Do you regret your tattoo?

David Beckham Footballer David Beckham has an array of tattoos

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David Beckham is just one of many celebrities to have adorned his body with permanent ink in dedication to his wife and four children.

The pitches of Ukraine and Poland were full of footballers sporting tattoos of all shapes and sizes during the recent European Championship.

Female celebrities like Cheryl Cole, Angelina Jolie and Kelly Osbourne are also known to be big fans of body art.

There has been a surge in tattoo popularity in recent years - an estimated one in five British adults has one. If you don't have one yourself then you'll probably know someone who does.

Start Quote

I would like to see an enforced cooling off period so that people have to go away and think about it first.”

End Quote Caroline Owen consultant, Burnley Hospital

But is everyone happy with their tattoos?

Mel Chisholm, formerly known as Sporty Spice, told Good Housekeeping she was considering having some of the 11 tattoos she had done in the 1990s removed and would not want her daughter Scarlet to have any at all.

For the magazine's photo shoot, the former Spice Girl had the tattoos digitally removed.

But it seems Mel C isn't the only person who has tattoo regret.

Upper body

Research being presented at the British Association of Dermatologists' conference this week suggests nearly one in three people regret tattoos.

Skin experts at Burnley General Hospital surveyed nearly 600 people during a six-month period.

They found men were more likely to regret tattoos than women and three times more likely to regret tattoos drawn when they were under the age of 16.

TATTOO SURVEY SAYS...

  • Most tattoos were done by a professional
  • 45% of the patients had their first tattoo done aged between 18 and 25 years old
  • Almost half had between two and five tattoos
  • Almost one third regretted their tattoo
  • Men were more likely to regret their tattoo than women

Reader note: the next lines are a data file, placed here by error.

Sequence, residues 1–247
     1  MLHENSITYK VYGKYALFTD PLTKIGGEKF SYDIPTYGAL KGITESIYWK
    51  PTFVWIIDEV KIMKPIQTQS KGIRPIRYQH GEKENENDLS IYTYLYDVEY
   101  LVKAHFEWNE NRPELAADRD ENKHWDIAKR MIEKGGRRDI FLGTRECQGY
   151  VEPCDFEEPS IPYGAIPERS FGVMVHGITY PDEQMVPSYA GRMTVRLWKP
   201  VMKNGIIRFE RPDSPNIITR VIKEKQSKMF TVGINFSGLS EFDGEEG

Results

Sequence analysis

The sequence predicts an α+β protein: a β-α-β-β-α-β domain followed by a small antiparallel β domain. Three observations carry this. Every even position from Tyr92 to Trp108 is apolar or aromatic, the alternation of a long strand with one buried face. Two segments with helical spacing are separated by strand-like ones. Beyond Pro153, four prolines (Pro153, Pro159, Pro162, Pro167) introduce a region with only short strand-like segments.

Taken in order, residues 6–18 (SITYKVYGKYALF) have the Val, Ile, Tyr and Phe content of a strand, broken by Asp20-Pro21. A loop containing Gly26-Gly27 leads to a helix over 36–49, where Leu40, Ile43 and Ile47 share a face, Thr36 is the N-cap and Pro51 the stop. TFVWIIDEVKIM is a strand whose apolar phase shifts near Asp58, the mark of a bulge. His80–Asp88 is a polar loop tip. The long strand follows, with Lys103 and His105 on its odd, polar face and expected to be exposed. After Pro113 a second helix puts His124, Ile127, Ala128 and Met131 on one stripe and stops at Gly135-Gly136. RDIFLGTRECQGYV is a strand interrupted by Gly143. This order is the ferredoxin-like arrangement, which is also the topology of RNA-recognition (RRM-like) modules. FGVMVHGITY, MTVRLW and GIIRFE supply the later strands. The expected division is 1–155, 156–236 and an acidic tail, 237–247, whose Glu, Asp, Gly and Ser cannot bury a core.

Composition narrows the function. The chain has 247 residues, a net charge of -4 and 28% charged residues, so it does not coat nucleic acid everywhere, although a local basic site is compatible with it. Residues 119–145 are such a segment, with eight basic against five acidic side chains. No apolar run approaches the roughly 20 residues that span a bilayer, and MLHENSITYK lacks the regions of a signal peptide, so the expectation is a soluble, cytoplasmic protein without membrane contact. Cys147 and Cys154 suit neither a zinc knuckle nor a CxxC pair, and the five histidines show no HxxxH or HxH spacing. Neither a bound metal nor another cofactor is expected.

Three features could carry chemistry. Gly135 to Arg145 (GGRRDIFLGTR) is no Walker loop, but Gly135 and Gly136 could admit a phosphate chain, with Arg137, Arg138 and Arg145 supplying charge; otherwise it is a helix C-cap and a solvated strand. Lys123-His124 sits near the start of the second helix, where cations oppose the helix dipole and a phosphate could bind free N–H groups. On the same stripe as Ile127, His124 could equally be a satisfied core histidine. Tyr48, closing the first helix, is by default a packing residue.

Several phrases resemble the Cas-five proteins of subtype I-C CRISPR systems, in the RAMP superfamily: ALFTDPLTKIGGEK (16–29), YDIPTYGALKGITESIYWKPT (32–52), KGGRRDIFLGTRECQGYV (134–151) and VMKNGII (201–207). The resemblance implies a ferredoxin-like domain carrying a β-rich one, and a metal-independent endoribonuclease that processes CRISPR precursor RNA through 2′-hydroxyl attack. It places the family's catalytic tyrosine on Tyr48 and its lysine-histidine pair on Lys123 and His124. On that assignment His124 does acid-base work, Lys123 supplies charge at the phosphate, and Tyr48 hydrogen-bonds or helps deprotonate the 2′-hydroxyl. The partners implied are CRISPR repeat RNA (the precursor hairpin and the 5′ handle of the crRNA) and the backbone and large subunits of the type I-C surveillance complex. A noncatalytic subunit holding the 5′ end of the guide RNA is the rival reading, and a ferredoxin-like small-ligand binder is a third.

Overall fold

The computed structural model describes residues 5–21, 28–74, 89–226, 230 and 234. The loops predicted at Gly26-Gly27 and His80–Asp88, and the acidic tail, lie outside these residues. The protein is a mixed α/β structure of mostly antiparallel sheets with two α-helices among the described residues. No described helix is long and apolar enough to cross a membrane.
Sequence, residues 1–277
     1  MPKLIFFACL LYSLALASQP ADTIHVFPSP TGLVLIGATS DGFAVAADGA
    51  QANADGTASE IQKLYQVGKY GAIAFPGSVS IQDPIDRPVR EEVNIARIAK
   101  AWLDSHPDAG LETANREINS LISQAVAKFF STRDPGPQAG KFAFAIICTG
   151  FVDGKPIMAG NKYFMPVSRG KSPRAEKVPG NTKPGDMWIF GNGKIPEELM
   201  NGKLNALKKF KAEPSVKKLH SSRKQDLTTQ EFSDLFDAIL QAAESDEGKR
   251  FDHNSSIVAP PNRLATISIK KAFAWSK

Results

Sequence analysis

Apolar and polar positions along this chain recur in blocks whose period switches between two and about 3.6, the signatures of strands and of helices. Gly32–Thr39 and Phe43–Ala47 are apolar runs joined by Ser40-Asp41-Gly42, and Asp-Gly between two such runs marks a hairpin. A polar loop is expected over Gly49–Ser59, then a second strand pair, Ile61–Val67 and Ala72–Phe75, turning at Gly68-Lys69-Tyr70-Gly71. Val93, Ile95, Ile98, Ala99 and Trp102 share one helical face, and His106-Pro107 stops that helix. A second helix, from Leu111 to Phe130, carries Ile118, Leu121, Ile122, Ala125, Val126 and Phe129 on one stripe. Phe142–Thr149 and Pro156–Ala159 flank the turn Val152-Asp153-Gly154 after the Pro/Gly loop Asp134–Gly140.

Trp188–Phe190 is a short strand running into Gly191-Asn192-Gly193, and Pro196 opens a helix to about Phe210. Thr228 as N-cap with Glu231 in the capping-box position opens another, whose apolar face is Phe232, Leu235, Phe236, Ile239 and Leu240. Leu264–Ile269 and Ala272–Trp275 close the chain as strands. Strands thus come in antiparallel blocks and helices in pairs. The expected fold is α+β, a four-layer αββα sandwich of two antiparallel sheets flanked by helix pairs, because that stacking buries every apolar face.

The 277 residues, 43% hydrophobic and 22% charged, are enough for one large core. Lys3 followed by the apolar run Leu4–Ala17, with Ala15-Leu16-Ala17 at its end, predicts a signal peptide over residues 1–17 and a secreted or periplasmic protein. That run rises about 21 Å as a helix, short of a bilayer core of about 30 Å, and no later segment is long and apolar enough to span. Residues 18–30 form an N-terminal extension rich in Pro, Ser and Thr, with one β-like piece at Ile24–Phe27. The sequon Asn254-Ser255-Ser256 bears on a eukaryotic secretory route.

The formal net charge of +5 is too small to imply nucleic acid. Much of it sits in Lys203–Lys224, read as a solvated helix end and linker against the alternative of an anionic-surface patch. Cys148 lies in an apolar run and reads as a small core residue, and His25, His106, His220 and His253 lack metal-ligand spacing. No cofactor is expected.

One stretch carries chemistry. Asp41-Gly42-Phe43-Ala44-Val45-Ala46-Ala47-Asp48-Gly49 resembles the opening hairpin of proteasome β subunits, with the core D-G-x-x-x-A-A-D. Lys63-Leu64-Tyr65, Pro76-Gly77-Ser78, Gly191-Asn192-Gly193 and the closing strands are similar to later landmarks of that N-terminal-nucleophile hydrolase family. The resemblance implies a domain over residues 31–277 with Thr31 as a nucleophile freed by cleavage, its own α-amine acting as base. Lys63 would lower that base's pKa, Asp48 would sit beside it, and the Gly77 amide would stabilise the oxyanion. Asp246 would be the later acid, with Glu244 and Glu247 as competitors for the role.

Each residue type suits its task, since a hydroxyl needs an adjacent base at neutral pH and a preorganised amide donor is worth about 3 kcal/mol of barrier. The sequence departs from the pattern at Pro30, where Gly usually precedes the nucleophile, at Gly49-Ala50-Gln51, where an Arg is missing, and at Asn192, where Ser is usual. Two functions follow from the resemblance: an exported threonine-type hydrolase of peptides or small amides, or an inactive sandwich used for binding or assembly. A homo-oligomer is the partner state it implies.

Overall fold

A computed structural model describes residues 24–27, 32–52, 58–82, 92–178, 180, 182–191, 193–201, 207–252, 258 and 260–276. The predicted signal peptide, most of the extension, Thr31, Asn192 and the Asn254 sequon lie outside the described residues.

Most people who regretted tattoos had them on their upper body.

But, surprisingly, fewer than half of those who regretted their tattoo would actually have it removed if able to do so, the study found.

Dr Caroline Owen, a skin consultant with East Lancashire Hospital NHS Trust who conducted the research with a colleague, said: "I would like to see an enforced cooling-off period so that people who get them done on a stag or hen party, when they've drunk too much, have to go away and think about it first."

A tattoo involves injecting dye into a deep layer of skin, below the epidermis.

They can be removed with laser treatment, but some colours and sizes of tattoo are more difficult to remove than others and can leave a degree of shading on the skin. Some people can also end up with scarring.

Laser technology works by allowing light to pass through the skin and break up the ink into tiny particles.

Between six and eight treatment sessions are usually needed and each can cost several hundred pounds.

Dr Owen said: "We feel that this should become an important health message as tattoo removal is not freely available and unwanted tattoos can affect life chances and cause... upset and unhappiness."

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